Aaron Klotz is a freelance writer for Tom’s Hardware US, covering news topics related to computer hardware such as CPUs, and graphics cards.

  • drajitsh
    When can we expect B650/E motherboard round.
    I would be interested in B650 motherboards below 250$ and B650E motherboards below 300$
  • peachpuff
    I paid $200 for a x570 asus board, no way I'll pay more than that for a midrange b650 board.
  • Gpz1100
    Early adopter tax. Wait a year, prices will become more competitive. I paid $280 for a strix x570e board back in 2019. Today that same board is ~$350 (USD), $330 if bought with a processor at microcenter. Still on the high side, but considering inflation/recession, marginally acceptable. $500 for a board. No way!

    I think we might see some sales in the next 2 months, but I don't expect anything significant. Expect my x570/5900x build to last at least another 3 years. Then will decide which platform (amd/intel) to go with.
  • hotaru251
    $250 got me a mid range Zen 3 full featured MB.

    if a "budget" zen 4 MB can cost up to 450.....the platform will not thrive.
  • btmedic04
    motherboard manufacturers are trying to scalp the consumers hard on this platform. they saw the money printing press during the pandemic and dont want to stop printing record profits. The only way prices come down is if we as consumers vote with our wallets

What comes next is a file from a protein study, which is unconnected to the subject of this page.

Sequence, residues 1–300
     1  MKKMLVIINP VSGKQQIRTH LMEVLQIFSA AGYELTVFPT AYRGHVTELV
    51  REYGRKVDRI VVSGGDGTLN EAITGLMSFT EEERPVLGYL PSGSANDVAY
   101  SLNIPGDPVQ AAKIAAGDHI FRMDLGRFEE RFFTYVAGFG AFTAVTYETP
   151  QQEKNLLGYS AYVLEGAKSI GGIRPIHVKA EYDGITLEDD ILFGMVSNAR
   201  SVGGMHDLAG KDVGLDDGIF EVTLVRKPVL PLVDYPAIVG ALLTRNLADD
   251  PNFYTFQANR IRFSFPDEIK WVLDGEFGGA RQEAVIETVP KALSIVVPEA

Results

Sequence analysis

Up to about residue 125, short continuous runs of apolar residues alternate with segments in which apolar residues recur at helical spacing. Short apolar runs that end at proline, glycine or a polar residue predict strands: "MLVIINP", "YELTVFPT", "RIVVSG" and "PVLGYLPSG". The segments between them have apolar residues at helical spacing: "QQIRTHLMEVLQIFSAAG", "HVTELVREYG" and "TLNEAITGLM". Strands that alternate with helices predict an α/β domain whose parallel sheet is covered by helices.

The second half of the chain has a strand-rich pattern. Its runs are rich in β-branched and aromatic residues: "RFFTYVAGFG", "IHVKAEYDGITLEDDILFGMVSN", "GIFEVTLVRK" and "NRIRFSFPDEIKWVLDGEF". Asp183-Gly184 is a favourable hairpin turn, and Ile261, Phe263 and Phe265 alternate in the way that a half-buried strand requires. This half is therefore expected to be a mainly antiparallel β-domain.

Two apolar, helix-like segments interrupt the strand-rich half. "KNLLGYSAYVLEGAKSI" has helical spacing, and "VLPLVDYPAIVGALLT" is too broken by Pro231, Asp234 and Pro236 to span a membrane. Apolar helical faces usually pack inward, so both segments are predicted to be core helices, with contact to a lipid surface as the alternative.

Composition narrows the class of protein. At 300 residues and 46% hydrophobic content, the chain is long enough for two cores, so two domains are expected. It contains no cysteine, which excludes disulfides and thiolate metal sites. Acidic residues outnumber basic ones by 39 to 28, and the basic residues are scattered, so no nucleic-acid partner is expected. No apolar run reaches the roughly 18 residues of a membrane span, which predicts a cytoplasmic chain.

• BogdanH
    btmedic04 said:
    ...they saw the money printing press during the pandemic and dont want to stop printing record profits. ..
    -fully agree on that.

    No matter what "experts" may say, there's no reason for such high prices. 5 years ago, the "latest tech" (good!) midrange mo-bo was about $250, now they want $400. Because it has much better specs? Well, 5 years ago, mo-bo's at that time also had "much better" specs.
    Speaking for me, I have time waiting to upgrade... we'll see how long sellers can.

    Just my 2c,
  • daworstplaya
    At those prices they can keep those motherboards and CPUs. Vote with your wallet folks, let the manufacturers know that $100 range motherboards is what we the consumers need.
  • Alvar "Miles" Udell
    I paid $390 for my high end X570S Aorus Master motherboard, and I'm not paying even more for that for a BUDGET B series board.
  • DavidLejdar
    Sure wouldn't mind a bit cheaper version, particularly as I don't need WiFi 6E support, and I don't even necessarily need SATA anymore. Around 200 is what I was counting with for a motherboard in my new rig though (with my old rig being mostly almost a decade old). So it seems I may find something in that range.

    And if it is true that Intel's motherboards for Raptor Lake will have support for PCIe 5.0 M.2 slots on the high-end motherboards only, going AMD seems to be a lot cheaper at least so far as the motherboard is concerned.

    (And the several Alder Lake motherboards with PCIe 5.0 for M.2, they apparently take 8 lanes away from the GPU, so not really an option for me, and not exactly cheap.)
  • $169 is in US without tax. The cheapest B650 I found was ASUS PRIME B650M-A and it's $227. That's including VAT. I'm talking about EU, Poland.
    There's no way I'm paying that much for PC components. The pandemic 2 years make the corporate people high on revenue. Tough luck for them. The economics for average person are worse than two years ago. Let's see them sell those... :)